So, in case the light remains red, you slow down. But, as it turns out, the light switches to green, so you pick up speed again and continue down the highway. Your determinist friend asks, "Why did you slow down back there?" You answer, "The light could have remained red". Your friend retorts, "No, the light never could have remained red. It was always causally necessary that it would turn green. Remaining red was an impossibility. ... So, why did you slow down?"

You answer, "But it COULD have remained red!" Because it was one of the two things that could have happened. It "would" not happen, but it "could" have happened.


There is "freedom from coercion and undue influence" in a relative, but not in the absolute sense. The brain as an information processor responds according to architecture, memory and input regardless the presence or absence of external pressure. Pressure or constraint - a gun at your head - is just another input: options presented, cost to benefit weighed - its better to lose money than lose your life....here, take my wallet, I don't want any trouble.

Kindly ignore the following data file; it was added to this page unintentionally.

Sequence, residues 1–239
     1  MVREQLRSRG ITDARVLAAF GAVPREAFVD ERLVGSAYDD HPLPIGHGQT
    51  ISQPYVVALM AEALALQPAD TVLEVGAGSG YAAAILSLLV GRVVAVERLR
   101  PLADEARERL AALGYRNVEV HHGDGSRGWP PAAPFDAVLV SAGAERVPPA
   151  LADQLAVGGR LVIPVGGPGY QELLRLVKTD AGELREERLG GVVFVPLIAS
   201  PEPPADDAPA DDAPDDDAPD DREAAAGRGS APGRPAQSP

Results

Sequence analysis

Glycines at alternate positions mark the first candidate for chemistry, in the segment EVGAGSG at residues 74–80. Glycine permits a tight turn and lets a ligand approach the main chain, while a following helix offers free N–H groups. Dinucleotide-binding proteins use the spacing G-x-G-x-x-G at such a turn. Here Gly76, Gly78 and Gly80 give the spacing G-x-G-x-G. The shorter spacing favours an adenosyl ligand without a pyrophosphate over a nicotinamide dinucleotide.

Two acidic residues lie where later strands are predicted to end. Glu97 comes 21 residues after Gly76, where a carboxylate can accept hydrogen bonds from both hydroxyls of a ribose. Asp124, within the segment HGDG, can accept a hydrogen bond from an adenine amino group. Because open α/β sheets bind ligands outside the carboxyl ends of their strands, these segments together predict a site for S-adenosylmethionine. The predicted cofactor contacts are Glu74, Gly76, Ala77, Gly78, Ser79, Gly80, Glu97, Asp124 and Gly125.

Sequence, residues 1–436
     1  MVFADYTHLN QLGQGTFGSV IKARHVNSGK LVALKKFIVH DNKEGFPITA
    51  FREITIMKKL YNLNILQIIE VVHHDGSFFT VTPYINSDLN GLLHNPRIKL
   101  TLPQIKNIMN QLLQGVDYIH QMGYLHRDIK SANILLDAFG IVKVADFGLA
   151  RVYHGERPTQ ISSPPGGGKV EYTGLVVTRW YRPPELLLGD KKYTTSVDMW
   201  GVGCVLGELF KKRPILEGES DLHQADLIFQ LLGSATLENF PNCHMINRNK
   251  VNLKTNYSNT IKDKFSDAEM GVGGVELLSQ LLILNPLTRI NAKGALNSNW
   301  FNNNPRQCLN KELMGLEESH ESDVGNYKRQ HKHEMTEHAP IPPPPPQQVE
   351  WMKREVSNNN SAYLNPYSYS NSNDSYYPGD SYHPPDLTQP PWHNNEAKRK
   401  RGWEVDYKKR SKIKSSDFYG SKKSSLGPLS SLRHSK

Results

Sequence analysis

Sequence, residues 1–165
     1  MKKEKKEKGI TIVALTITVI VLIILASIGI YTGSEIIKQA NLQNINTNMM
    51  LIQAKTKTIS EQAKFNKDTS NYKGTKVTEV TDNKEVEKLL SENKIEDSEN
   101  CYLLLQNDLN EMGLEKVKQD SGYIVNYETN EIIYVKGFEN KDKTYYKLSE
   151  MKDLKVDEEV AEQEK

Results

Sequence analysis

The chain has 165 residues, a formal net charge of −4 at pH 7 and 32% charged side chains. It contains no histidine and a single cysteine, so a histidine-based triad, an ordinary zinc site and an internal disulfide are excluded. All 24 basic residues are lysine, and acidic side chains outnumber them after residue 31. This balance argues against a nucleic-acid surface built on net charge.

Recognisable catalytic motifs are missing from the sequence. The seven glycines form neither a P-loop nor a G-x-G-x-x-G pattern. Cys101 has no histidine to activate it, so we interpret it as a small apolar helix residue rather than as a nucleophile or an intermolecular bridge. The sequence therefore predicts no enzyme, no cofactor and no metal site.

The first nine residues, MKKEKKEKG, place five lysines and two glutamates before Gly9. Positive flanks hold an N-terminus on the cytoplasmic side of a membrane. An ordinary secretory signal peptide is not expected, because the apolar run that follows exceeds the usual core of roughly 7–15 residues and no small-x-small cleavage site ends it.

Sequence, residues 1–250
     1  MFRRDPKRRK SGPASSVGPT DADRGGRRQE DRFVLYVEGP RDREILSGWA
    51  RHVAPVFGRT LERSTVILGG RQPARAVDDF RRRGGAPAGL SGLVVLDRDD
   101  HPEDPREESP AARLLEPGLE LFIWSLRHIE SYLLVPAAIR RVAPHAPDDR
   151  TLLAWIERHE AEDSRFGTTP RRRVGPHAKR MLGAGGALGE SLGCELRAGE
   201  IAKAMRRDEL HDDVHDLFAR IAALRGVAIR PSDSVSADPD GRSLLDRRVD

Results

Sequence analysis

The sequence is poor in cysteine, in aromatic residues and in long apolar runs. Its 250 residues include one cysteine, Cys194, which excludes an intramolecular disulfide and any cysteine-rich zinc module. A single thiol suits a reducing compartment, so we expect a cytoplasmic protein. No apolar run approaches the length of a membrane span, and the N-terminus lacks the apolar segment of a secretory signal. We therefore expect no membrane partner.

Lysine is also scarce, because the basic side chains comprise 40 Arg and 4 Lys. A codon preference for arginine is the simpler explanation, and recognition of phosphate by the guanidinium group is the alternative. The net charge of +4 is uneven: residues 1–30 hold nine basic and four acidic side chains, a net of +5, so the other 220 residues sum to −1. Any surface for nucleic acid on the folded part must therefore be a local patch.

Decision making is not free will. The state of the system, options presented, information in, response output.....
 
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Marvin Edwards

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That a brain behaves differently to a river doesn't make its complex mechanisms and activity any less determined than a river, waterfall, planetary orbits, etc. All actions, however complex, are equally fixed as a matter of time t conditions and progression of event as a matter of natural law within a determined World.

Complexity does not free the brain from determinism. However complex the system, all events within a determined world unfold according to the conditions at time t and the way things go thereafter, fixed as a matter of natural law.''

There are no loopholes. We can't have it both ways.

We can't be in a determined world, yet have regulative control. Our actions cannot be determined, yet have the ability to have done otherwise.

Our will, being determined, doing precisely what is determined by the system (however complex) cannot be said to be free to do otherwise. Without the option to do otherwise....what is freedom? Asserting freedom does not establish it.

Within a determined world, our freedom is no more than that of anything else. Our determined actions, like falling rain, clouds scudding through the sky unimpeded, are performed freely. Which does not equate to free will. If we are claimed to have free will, then - we being inseparable from the universe/matter/energy - so has the universe and everything in it.